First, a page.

Article originally published in NJSpotlight
New approach using pain-relief specialists is response, in part, to growing problem of opioid abuse.
Striking the right balance between helping patients with chronic pain and combating abuse of pain-relieving narcotics is a challenge for primary-care providers, who frequently have little specialized training in pain management.
One solution could be many miles away – but well within reach, thanks to telecommunications.
Healthcare providers from Camden, New Brunswick and Trenton are working with pain-management experts in Arizona and Connecticut to adopt practices that have proven to work best in treating pain.
As part of one initiative, Project Extension for Community Health Outcomes (ECHO), teams of primary-care providers will hold weekly video conferences with pain specialists. During the conferences, an expert will give a 15-minute presentation on different techniques for managing patients’ pain,. The local providers will then go over individual cases and the Arizona-based experts help develop a treatment plan.
Supporters of the approach call it an important strategy for both treating pain and reducing drug addiction in the state.
The issue has acquired an added urgency, as drug-overdose deaths now exceed motor-vehicle crashes as the leading cause of accidental death in New Jersey. In 2011, there were 1,008 drug-related deaths in New Jersey, 337 involving the common prescription opiate oxycodone and 368 involving heroin mixed with other illicit drugs.
Many of the alternatives to opioid prescriptions involve putting a greater emphasis on behavioral or mental healthcare, since conditions like depression and anxiety heighten patients’ experience of pain.
The Nicholson Foundation, which seeks to address healthcare needs in the state’s urban areas, is funding the project as part of its broader focus on integrating behavioral care with primary care.
“This is an epidemic of opiate use and opiate deaths related to pain,” said foundation deputy director Joan Randell.
Raquel Mazon Jeffers, the foundation’s health integration director, said the project help ease a large and growing public health crisis.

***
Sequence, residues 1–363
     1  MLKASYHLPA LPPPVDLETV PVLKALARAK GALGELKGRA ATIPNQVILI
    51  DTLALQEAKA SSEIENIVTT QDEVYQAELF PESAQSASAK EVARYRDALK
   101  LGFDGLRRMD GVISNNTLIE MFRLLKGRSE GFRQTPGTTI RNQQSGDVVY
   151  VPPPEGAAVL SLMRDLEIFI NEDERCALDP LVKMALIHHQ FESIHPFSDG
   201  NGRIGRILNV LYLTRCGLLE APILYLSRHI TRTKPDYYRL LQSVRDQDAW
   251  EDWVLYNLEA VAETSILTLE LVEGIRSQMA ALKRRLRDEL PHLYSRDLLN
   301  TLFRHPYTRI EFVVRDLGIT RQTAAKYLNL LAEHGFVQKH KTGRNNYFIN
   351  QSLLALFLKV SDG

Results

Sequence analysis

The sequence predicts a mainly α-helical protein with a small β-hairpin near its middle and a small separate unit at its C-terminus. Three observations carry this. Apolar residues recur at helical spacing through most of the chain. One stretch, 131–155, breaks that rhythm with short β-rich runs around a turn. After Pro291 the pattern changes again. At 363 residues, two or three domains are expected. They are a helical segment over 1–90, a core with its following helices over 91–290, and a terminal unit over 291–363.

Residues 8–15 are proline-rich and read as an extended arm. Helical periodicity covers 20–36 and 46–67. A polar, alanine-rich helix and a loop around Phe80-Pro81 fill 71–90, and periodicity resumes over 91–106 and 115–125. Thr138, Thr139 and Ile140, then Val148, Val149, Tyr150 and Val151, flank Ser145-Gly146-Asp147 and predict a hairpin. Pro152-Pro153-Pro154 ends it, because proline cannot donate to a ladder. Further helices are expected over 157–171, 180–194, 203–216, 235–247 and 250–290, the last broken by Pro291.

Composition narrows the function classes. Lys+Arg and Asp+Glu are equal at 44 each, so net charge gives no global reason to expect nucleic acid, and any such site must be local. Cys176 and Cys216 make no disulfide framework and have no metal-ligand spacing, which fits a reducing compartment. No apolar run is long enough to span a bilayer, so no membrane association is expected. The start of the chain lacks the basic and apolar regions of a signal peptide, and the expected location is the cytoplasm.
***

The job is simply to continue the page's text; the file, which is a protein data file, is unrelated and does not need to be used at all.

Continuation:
It’s drawn an enthusiastic response from participants. For instance, Dr. Rachael B. Evans of Henry J. Austin Health Center in Trenton said the advice from experts will help her facility’s staff treat pain and reduce addiction in a systematic way.
Evans added said the center has already begun to integrate behavioral healthcare in its clinics. She said there’s been an artificial distinction between the pain and addiction treatment specialties, adding, “They’re all the same thing.”
Primary-care providers played a role in increasing opioid addiction by overprescribing drugs “and we need to play a role in fixing it as well,” according to Dr. Daren Anderson, vice president and chief quality officer of Connecticut-based Community Health Center Inc., which is providing training to New Jersey doctors.
Oxycodone prescriptions began to skyrocket in 1995, when the pharmaceutical company Purdue released the brand OxyContin and patient-advocacy groups began to lobby for more treatment of pain. The Joint Commission, which accredits hospitals in the state, later endorsed checking patient pain levels as “the fifth vital sign.”
Anderson said this new emphasis led doctors – in an effort to reduce patients’ pain – to prescribe opioids even when they weren’t appropriate.
“We don’t consider the household or the community environment into which we’re introducing highly addictive medications,” Anderson said. “We devalue all of the effective alternatives that are out there. We treat pain, but we don’t treat addiction – or we ignore it.”
Behavioral or mental-health treatment, such as stress reduction and cognitive behavioral therapy, are a prime alternative to opioids
Chiropractic treatments and acupuncture can also be effective for some patients, according to Dr. Bennet E. Davis, a Tucson, Arizona,-based pain medicine specialist who will be leading the videoconferences.
Davis noted the challenges of building trust with a patient who is addicted to opioids, but said that it’s an essential first step toward helping the patient accept treatment.
“Pain management is a combination of what we do for the patient and what the patient does for themselves,” including managing their diets, exercising, reducing stress and quitting smoking, Davis said.
He also emphasized the importance of behavioral health, noting a 2003 study which found that patients with chronic back pain benefited equally from back surgery and from psychological treatment.